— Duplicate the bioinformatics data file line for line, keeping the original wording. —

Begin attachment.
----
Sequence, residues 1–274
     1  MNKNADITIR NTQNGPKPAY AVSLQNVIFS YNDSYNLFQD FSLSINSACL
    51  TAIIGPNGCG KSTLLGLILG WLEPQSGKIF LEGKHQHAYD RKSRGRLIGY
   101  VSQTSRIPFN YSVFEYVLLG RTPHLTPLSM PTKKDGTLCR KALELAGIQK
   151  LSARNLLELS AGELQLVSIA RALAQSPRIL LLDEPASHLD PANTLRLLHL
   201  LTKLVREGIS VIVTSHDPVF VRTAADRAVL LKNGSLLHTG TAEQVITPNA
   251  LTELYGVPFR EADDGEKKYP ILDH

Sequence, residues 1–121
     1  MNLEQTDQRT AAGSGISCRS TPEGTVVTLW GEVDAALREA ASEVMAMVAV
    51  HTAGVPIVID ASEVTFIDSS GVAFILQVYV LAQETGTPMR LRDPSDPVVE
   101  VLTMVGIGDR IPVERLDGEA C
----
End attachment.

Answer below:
Sequence, residues 1–274
     1  MNKNADITIR NTQNGPKPAY AVSLQNVIFS YNDSYNLFQD FSLSINSACL
    51  TAIIGPNGCG KSTLLGLILG WLEPQSGKIF LEGKHQHAYD RKSRGRLIGY
   101  VSQTSRIPFN YSVFEYVLLG RTPHLTPLSM PTKKDGTLCR KALELAGIQK
   151  LSARNLLELS AGELQLVSIA RALAQSPRIL LLDEPASHLD PANTLRLLHL
   201  LTKLVREGIS VIVTSHDPVF VRTAADRAVL LKNGSLLHTG TAEQVITPNA
   251  LTELYGVPFR EADDGEKKYP ILDH

Sequence, residues 1–121
     1  MNLEQTDQRT AAGSGISCRS TPEGTVVTLW GEVDAALREA ASEVMAMVAV
    51  HTAGVPIVID ASEVTFIDSS GVAFILQVYV LAQETGTPMR LRDPSDPVVE
   101  VLTMVGIGDR IPVERLDGEA C